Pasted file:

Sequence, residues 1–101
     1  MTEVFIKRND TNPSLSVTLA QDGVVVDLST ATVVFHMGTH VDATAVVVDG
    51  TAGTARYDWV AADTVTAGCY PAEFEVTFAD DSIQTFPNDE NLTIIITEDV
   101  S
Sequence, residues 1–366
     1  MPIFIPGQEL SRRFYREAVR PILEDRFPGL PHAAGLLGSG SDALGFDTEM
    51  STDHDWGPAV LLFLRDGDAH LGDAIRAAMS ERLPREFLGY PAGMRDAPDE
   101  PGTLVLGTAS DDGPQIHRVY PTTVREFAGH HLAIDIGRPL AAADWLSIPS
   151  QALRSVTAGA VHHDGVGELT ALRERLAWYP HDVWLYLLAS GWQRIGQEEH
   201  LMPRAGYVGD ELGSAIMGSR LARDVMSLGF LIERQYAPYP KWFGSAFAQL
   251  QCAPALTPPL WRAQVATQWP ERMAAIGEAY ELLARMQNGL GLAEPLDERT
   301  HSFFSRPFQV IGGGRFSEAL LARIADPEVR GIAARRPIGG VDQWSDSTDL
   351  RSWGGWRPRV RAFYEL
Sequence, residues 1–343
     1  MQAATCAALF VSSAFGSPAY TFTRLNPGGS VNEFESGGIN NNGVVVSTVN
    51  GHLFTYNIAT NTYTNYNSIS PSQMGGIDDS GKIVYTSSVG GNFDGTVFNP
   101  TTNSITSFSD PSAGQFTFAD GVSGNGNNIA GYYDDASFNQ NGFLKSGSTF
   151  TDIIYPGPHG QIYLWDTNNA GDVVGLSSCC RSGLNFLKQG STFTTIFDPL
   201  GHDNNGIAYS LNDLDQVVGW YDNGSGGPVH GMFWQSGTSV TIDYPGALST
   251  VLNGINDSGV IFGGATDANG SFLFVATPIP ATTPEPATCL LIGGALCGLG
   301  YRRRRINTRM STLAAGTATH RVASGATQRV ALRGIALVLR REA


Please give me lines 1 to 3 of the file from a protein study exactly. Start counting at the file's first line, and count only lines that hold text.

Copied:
Sequence, residues 1–101
     1  MTEVFIKRND TNPSLSVTLA QDGVVVDLST ATVVFHMGTH VDATAVVVDG
    51  TAGTARYDWV AADTVTAGCY PAEFEVTFAD DSIQTFPNDE NLTIIITEDV